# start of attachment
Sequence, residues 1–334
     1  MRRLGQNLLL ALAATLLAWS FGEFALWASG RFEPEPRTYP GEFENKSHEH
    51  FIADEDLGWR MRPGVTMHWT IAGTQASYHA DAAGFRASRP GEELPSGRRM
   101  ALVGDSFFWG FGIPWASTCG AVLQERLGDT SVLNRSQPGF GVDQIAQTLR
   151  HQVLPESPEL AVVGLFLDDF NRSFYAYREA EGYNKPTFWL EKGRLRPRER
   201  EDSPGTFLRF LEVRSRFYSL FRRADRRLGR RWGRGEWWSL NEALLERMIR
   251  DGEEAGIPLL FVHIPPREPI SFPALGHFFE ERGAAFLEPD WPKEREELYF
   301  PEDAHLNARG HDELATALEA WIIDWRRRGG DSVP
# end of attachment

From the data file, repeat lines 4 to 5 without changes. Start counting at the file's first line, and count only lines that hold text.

   101  ALVGDSFFWG FGIPWASTCG AVLQERLGDT SVLNRSQPGF GVDQIAQTLR
   151  HQVLPESPEL AVVGLFLDDF NRSFYAYREA EGYNKPTFWL EKGRLRPRER